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Study: 2nd human in history shows HIV remission after cells transplant

By Nicholas Sakelaris   |   March 5, 2019 at 7:58 AM
A British man has been in HIV remission for more than a year after receiving a stem cell transplant as part of a cancer treatment, a new study says. File Photo by Steve Collender/Shutterstock/UPI

March 5 (UPI) -- A decade after the first human was believed cured of HIV through a transplant, another appears to have beaten the virus in a similar fashion, researchers reported in the journal Nature.

A British man who received a stem cell transplant has been in HIV remission for 18 months, doctors said in the report late Monday. It's a major breakthrough in HIV-AIDS research, but doctors say it's too soon to be considered a cure.

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The man received a stem cell transplant involving virus-resistant cells, which put his HIV in remission. He was diagnosed with HIV in 2003 and non-Hodgkin's lymphoma in 2012. Doctors said the stem cells were transplanted from an HIV-resistant donor, and the treatment appears to have beaten back both his HIV and the cancer.

The man is just the second in the world to show no traces of HIV after such a procedure. The first, Timothy Brown, or the "Berlin patient," received a bone marrow transplant from a resistant donor in 2009 and is now HIV-free.

"I think this is really quite significant. It shows the Berlin patient was not just a one-off, that this is a rational approach in limited circumstances," said Daniel Kuritzkes, chief of infectious diseases at Brigham and Women's Hospital. "Nobody doubted the truth of the report with the Berlin patient, but it was one patient. And which of the many things that were done to him contributed to the apparent cure? It wasn't clear this could be reproduced."

Publicly, scientists describe the case as long-term remission rather than a cure. They say it's hard to call it a cure when there are only two known instances.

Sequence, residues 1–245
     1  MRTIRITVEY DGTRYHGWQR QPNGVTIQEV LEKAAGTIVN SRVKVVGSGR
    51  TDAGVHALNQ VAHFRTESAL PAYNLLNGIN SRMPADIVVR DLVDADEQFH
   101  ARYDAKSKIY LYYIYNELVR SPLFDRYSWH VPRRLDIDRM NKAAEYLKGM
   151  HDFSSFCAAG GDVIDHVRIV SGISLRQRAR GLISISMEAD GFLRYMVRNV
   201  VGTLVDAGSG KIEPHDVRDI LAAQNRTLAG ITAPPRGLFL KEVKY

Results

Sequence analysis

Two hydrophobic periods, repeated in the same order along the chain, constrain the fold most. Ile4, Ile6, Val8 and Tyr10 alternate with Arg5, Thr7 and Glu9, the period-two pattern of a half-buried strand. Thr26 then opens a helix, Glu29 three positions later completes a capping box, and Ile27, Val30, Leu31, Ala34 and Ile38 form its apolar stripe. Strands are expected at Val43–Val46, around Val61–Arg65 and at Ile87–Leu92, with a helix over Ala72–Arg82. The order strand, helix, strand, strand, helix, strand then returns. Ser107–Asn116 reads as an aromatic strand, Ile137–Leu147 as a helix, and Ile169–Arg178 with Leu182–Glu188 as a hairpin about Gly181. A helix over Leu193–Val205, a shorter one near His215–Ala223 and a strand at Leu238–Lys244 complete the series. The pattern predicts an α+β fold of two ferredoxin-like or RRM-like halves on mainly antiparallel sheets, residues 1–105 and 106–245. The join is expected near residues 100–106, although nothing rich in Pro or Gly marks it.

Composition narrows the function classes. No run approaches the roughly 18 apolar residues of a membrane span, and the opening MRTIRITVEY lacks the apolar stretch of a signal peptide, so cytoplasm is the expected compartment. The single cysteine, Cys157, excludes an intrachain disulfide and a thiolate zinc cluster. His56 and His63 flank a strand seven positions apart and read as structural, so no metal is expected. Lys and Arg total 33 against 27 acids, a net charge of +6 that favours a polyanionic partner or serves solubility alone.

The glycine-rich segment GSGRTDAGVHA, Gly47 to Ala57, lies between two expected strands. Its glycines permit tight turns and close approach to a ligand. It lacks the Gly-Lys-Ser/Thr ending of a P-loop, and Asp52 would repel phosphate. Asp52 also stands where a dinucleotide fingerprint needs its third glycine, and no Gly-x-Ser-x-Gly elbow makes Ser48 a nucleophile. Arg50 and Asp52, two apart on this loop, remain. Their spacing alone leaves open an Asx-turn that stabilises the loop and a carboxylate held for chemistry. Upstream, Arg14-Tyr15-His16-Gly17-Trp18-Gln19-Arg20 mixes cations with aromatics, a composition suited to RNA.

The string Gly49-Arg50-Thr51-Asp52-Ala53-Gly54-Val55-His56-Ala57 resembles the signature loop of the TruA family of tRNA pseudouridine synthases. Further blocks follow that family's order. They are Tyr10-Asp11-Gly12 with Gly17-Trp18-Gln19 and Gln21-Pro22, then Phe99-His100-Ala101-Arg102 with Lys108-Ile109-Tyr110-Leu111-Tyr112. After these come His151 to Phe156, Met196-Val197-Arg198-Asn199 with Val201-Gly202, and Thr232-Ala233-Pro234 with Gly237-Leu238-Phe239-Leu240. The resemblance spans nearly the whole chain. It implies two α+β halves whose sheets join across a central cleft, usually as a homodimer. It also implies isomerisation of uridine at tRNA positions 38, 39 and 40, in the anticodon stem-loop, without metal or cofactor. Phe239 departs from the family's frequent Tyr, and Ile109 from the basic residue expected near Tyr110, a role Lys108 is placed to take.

As part of his cancer treatment and transplant, the London patient received a malfunctioning CCR5 gene, which creates a protein crucial for HIV to invade blood cells, researchers said. Brown received a transplant without functioning CCR5 genes.

The London patient, who has not been named, told The New York Times he feels a "sense of responsibility to help the doctors understand how it happened to so they can develop the science."

Several so-called "Boston patients" received stem cell transplants with functioning CCR5 genes and showed marked improvements, going months without treatment. But their progress was only temporary, researchers believe, because an aberrant gene was necessary for a long-term cure.

Such transplants are risky and rare and usually done only when the patient already has cancer. Donors have to be a genetic match and carry the malfunctioning CCR5 gene.

Still, the findings could inspire new efforts toward a true cure.

"These new findings reaffirm our belief that there exists a proof of concept that HIV is curable," International AIDS Society president Anton Pozniak said in a statement. "The hope is that this will eventually lead to a safe, cost-effective and easy strategy to achieve these results using gene technology or antibody techniques."